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Saturday, 18 December 2010

Happy Christmas, or Guess Who's Coming to Dinner?

The First Little Rat,
The Angels Did Say,
Was followed by Others
Who all came to stay...
They stayed and they stayed,
They just would not leave;
I found one this morning
Asleep in my sleeve...
Noel, Noel,
Noel, Noel,
We're in your Kitchen and doing quite well...

Christmas Greetings to all my followers, friends, numerous admirers and ... potential customers?

Robert Phillip Jones

Friday, 10 December 2010

A one-off!

Here is a better photo of the oil I've been working on for several weeks, on and off. I don't know if I like it or not, but it's what I meant - heavily worked, because I was trying to get the confusion of twigs and branches, dying orange, red and yellow leaves, and also trying to avoid any suggestion of a "pretty" approach. Although I'm all for loose painting and impressionistic techniques, just now and then I like to remind myself that nature is so often not tame and obedient, with helpful little pathways and dappled paths, but rather prickly, muddy, and even impenetrable.
I wouldn't want to paint like this too often - I now feel a strong desire to simplify. But I did enjoy playing with the thick paint, and attempting to find structure in a seeming chaos of branches, foliage, grasses and mud.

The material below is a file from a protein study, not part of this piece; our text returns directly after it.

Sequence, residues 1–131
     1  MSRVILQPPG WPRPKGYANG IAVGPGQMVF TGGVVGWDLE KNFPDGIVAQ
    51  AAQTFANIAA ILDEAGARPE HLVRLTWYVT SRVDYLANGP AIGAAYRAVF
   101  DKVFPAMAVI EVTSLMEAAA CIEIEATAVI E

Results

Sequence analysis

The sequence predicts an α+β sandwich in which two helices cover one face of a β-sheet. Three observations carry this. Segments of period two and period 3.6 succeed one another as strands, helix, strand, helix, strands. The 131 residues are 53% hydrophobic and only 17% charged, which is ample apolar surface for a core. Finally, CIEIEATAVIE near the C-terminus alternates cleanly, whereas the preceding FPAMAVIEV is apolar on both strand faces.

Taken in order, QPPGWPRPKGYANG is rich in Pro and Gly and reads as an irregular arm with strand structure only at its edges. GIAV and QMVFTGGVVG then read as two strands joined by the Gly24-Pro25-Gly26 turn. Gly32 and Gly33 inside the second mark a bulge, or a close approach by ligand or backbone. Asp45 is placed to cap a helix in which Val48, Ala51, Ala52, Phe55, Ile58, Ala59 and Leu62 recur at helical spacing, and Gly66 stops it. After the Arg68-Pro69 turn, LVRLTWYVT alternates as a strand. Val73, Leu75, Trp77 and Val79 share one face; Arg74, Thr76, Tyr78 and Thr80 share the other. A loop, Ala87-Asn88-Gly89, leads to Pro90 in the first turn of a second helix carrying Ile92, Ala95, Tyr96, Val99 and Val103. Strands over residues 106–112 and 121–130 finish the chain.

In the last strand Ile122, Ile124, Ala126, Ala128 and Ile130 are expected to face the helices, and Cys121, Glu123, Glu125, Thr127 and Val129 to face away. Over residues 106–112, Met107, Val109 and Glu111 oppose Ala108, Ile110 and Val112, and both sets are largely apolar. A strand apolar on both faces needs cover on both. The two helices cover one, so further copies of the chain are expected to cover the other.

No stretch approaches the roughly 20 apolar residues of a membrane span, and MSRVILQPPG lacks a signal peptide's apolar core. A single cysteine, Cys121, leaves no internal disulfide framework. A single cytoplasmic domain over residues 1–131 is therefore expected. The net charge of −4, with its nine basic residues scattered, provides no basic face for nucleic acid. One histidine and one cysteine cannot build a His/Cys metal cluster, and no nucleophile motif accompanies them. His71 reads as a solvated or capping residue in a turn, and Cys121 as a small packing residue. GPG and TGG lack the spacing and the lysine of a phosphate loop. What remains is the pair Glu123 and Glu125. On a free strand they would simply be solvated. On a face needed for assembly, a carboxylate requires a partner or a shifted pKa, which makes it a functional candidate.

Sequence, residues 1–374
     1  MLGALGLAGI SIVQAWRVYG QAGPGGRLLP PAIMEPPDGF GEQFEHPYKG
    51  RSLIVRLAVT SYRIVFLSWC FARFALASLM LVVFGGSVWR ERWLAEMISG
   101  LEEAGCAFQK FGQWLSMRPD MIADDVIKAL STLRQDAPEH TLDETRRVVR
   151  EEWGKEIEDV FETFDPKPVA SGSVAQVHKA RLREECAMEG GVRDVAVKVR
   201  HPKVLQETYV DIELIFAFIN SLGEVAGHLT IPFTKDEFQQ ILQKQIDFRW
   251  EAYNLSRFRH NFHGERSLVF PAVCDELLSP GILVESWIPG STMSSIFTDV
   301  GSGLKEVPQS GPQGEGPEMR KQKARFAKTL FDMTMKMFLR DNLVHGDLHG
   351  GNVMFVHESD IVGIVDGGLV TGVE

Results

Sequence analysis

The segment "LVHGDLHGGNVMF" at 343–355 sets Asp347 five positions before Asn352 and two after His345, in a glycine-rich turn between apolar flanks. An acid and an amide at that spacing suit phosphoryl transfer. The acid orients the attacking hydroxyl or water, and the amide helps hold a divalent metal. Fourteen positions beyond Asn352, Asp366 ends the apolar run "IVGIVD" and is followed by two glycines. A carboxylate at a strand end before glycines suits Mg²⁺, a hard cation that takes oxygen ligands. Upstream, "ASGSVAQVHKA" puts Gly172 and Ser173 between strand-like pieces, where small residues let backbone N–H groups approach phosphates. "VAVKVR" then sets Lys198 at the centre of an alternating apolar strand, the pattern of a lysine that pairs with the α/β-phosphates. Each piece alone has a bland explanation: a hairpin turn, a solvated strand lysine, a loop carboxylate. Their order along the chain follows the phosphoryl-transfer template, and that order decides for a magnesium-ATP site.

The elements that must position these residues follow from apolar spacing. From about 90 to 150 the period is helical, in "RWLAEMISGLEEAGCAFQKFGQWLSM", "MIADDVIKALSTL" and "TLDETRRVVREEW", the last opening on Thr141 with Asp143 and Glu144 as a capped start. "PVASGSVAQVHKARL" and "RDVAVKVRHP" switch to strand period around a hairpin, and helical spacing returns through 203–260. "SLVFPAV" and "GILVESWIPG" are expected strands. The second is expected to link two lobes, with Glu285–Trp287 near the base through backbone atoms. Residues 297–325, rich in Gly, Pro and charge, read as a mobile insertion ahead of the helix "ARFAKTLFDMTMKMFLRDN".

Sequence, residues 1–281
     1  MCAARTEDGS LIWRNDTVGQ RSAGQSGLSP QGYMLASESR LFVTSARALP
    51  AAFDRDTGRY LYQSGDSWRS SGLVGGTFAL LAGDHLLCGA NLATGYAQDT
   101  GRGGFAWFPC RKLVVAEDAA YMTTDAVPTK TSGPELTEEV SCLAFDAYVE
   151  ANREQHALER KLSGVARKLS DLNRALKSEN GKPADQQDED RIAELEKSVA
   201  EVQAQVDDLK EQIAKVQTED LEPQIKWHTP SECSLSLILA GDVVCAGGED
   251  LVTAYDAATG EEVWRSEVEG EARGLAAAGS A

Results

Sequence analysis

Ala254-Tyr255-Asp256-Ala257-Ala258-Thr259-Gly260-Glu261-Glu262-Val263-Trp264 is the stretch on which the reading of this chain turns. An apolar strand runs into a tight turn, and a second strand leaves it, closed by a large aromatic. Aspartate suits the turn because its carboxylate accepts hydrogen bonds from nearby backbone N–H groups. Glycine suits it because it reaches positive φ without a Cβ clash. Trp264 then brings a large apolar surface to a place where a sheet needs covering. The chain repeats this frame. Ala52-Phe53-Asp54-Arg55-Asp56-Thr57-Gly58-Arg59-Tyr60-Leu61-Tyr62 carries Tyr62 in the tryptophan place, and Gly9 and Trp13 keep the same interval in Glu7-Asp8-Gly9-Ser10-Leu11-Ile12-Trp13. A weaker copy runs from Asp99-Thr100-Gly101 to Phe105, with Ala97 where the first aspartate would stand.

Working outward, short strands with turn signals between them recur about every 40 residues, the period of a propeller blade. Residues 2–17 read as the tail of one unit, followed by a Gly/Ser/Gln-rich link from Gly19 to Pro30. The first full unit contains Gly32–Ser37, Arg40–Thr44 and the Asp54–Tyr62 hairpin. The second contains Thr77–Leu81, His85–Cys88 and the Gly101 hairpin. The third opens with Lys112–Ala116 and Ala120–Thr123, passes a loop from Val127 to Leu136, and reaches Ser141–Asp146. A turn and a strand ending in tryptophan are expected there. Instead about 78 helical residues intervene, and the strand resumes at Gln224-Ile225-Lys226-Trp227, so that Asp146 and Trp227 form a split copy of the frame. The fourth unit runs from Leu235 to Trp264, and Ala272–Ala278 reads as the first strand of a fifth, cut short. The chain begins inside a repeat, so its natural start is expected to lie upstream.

It's based on the River Ems, across the Solent from me - haven't thought of a title as yet.

Wednesday, 8 December 2010

Update on last post

I now have a much better photograph of my most recent oil - done with a painting knife in one session, 30 by 40cm. Found that fears of excessive use of expensive paint were unfounded, to my gratification... while the paint on this is thicker than normal for me, you actually use all the paint you squeeze onto the palette when painting with a knife; the pleasure in the process lies in picking up a quantity of different colours, spreading them on the canvas, and seeing how they work together. You don't use any medium, like turpentine or Linseed oil (and on this occasion I used the more liquid Titanium White, rather than my lead-based Flake White, which would have been much harder to apply freely) - and at the end of the process, your palette is much easier to clean, because you've scraped most of the paint off already; and you can just wipe clean your knife or knives - none of this squeezing the paint out of hog hair brushes, swishing them in turps, then washing each one in soap and water. So I'll do THAT again, then!
When painting with brushes, the whole nature of the process means that you inevitably squeeze out more paint than you can use: small quantities are no use at all, because you can't see what you're doing when you mix colours together. And there's inevitable paint wastage at the end of a session. Not only that, but if you work over several stages, ie several days (even weeks) as I often do, you need to clean the palette every day or every other day: paint on the palette which is tacky, half wet, half-dry, is useless for painting - and can cause cracking of the paint surface to boot.
Anyway, here it is: Skies about to Open is its working title, loosely based on the landscape above Niton on the Isle of Wight; on this occasion, it was the sky that interested me more than the land.